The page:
Reviewed by caa821 8 / 10 / 10

Now even better

This is one of those films which is now even better, as it nears a half-century since its original release. The characters and performances are just as enjoyable to view today - the young Paul Newman and Joanne Woodward, vintage Orson Welles - and Tony Franciosa and Lee Remick (along with Orson, both now gone). The other actors' performances were also excellent, and the characters remain as interesting today as in times past. Newman's "Ben Quick" fuses the characteristics of both "hero" and "anti-hero" into one role as profoundly as virtually any other film or stage character you're apt to see. The nostalgia of a work such as this, now seen anew after so many years since production, is something added which only the requisite passage of time enables one to view and enjoy. In the company of other authors in this genre, such as Caldwell, Steinbeck, Williams, et al, Faulkner's works were among the best, and this is clearly revealed in this fine film. If I were required to find an area to criticize, it would be the same as I noticed in one of the comments on this site: namely, the somewhat overly-quick and brief "resolution" of the estrangement between Welles and Franciosa, the impatient patriarch and his older child/son. I realize this brevity may have been due to neither Newman nor Woodward being involved - but the writers and director could still have made it a bit more detailed and intricate, with only, say, another two minutes of film. But this aside, this is a superb motion picture - both then and now.

Reviewed by Nazi_Fighter_David 8 / 10 / 10

Newman's ingenious acting...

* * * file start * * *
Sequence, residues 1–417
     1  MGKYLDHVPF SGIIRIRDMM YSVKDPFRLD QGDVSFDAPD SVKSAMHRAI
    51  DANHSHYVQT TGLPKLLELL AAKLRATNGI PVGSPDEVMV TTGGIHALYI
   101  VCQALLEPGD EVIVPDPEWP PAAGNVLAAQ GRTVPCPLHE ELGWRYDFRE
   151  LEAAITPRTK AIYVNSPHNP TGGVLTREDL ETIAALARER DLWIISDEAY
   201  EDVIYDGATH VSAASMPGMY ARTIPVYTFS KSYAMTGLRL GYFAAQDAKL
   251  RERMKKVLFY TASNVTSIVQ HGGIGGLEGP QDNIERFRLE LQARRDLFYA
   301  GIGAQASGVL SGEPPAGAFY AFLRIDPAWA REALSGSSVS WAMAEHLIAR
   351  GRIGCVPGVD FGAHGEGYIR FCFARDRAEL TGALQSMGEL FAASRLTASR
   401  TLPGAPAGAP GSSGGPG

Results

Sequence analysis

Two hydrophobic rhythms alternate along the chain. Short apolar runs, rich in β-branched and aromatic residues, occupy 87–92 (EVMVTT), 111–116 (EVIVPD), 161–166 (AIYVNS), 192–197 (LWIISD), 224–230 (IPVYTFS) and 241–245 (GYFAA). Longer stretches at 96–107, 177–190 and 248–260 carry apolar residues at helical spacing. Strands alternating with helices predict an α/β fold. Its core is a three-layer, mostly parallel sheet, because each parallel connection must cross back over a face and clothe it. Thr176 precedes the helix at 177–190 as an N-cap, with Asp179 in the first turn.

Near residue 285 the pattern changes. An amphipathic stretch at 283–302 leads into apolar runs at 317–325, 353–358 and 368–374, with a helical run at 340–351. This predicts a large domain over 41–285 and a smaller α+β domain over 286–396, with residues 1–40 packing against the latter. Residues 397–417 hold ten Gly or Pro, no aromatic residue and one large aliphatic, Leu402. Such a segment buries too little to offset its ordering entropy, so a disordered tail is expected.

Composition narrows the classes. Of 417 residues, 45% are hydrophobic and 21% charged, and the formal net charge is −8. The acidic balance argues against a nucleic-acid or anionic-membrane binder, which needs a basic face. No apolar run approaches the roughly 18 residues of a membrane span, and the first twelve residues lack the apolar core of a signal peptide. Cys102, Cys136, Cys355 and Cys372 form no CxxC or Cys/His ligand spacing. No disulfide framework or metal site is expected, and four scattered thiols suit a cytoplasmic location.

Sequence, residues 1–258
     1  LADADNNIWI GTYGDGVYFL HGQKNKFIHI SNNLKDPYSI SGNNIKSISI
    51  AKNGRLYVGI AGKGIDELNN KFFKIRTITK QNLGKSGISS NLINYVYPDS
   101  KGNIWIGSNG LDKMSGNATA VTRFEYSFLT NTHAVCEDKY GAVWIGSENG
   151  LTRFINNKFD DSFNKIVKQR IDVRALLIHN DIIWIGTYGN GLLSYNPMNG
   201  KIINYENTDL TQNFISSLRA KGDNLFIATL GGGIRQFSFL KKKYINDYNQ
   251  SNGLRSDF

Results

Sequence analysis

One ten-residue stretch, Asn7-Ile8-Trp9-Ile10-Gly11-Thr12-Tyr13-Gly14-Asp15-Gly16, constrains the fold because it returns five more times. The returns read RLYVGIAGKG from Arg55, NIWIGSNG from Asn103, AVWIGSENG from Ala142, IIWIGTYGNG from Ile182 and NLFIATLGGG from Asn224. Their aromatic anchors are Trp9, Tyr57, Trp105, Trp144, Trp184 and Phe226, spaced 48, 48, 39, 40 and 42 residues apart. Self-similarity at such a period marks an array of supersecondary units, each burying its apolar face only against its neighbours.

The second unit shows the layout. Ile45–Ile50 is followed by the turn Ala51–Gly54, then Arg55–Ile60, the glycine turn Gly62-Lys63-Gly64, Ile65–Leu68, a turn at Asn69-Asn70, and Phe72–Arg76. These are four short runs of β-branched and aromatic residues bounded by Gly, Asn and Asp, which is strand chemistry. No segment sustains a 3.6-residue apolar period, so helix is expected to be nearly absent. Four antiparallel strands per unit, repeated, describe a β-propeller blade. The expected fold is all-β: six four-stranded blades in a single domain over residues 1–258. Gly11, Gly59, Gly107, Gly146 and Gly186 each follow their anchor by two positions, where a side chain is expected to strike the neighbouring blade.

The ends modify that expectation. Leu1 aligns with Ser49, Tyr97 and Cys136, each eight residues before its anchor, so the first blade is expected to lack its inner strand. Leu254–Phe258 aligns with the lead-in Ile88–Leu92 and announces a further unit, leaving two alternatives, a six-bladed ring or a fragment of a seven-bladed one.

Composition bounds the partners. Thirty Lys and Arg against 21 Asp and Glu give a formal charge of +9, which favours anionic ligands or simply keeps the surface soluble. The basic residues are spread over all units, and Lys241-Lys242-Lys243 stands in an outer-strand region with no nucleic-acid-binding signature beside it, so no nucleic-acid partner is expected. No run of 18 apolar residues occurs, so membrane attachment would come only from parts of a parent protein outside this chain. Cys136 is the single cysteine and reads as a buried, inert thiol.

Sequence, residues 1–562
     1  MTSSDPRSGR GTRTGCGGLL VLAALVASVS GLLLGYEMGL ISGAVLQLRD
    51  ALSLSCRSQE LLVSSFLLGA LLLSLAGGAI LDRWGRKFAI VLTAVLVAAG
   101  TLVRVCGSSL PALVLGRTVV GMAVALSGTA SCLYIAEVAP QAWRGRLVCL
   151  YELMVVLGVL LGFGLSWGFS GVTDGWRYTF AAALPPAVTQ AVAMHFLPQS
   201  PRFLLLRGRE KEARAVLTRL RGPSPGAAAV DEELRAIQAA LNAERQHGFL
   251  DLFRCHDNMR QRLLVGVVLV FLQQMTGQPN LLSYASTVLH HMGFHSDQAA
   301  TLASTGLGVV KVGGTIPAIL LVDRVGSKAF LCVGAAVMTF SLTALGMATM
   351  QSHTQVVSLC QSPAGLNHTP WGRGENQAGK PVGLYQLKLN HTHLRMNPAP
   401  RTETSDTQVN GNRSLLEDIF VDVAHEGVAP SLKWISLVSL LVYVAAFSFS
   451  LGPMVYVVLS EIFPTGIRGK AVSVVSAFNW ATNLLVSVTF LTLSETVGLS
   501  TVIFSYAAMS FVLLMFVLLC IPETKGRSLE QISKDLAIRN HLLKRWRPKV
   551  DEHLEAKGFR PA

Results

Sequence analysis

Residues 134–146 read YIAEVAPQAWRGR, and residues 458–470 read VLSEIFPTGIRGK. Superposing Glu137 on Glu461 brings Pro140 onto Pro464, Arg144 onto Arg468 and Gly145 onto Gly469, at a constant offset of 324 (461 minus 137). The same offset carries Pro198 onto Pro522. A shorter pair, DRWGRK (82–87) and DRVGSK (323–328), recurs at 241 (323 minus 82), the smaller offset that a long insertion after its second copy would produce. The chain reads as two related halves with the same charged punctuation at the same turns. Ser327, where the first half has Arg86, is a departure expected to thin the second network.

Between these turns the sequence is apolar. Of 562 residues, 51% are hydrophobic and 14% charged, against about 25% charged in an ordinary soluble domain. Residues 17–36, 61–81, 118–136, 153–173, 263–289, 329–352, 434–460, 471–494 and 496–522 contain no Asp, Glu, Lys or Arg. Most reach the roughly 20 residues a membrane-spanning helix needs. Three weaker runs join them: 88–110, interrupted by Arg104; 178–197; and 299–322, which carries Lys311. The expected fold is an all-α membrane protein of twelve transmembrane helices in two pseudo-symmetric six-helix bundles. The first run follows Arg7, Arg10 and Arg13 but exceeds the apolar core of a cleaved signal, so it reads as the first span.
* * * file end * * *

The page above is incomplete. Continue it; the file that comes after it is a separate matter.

"The Long, Hot Summer," the first of six films he made for director Martin Ritt and the first of seven co-starring Joanne Woodward, is based on two short stories and part of a novel by Faulkner, provided him with his best role to that time… Ben Quick (Newman), a foolhardy, opportunistic young wanderer, drifts into a Mississippi town owned and run by the huge, powerful Will Varner (Orson Welles), who also dominates his daughter Clara (Woodward), a 23-year-o1d unmarried schoolteacher… Despite Quick's reputation as a "barnburner," he is hired by Varner, and rapid1y works his way up to a partnership in the general store and a room in the main house… Varner, like Big Daddy in "Cat on a Hot Tin Roof," wants strong descendants, and since his son is a weakling, he decides that Clara will marry Quick, whose aggressive masculinity he admires (he calls Quick a "big stud horse"). Clara, offended by Quick's very self-satisfaction and vulgar manner, and by both men's treating her as property, resists… Like Billy the Kid, Quick is an outcast, isolated from humanity because of his notorious reputation… But in temperament he's the opposite, an extreme extrovert… From the very beginning, Newman, hat down low over his forehead, eyes gleaming with ambition, projects an overwhelming confidence, self-satisfaction and, above all, electrifying virility… Cynical, arrogant, crude and unwilling to allow anything to interfere with his drive, he resembles Larry Maddux of "The Helen Morgan Story." But now the portrayal is more than one-dimensional: behind Quick's hard blue eyes, barely hidden sneer and devilish smile there's enough intelligence, humor, charm, and downright attractiveness to force our involvement in his quest for power… This is due entirely to Newman's ingenious acting, because as written the character reveals no positive traits until near the end, when he breaks down and tells Clara the truth about himself… It's a powerful scene: his voice breaking, eyes filling slow1y with tears, Newman effectively depicts a man whose carefully formed cold shell is finally cracking to reveal the vulnerable soul within… The confession gives him a bond of equality with Clara that enables him to stand up decisively to Varner… But even earlier, Quick was never completely dominated by the old man… Of all the father-figures in Newman's films, Varner seems the most imposing, but Quick, unlike the weakling sons in "The Rack" and "Cat on a Hot Tin Roof," isn't passive enough to be stepped upon… William Faulkner's characters are perfect foils: Newman is sexually sure, and seemingly devoid of vulnerability and humanity; Woodward is a virgin, extremely vulnerable, and longing to express her humanity… She teaches him humility and the value of an individual; he helps her discover her sexuality… Two scenes are among the best in their careers, partly because of the sharp dialog by the screenwriters… In the first, Clara comes to see Ben in the store at night… After much childish verbal attacks and a few unperceptive truths, the two have pierced beneath the surface and have found the nerve endings of each other's weaknesses… Later, in the film's finest scene, Clara expresses herself more maturely, asserting that he has the wrong idea about her: she is no "trembling little rabbit, full of smoldering unsatisfied desires," but a full-grown, intelligent woman, who will not be bought and sold… She says he's too much like her father: "I gave up on him when I was nine years old, and I gave up on you the first time I ever looked into those cold blue eyes." With his firm and fresh manner Quick sums up his honest, hard, purely sexual appraisal of life: "Well, I can see you don't like me, but you're gonna have me. It's gonna be you and me… "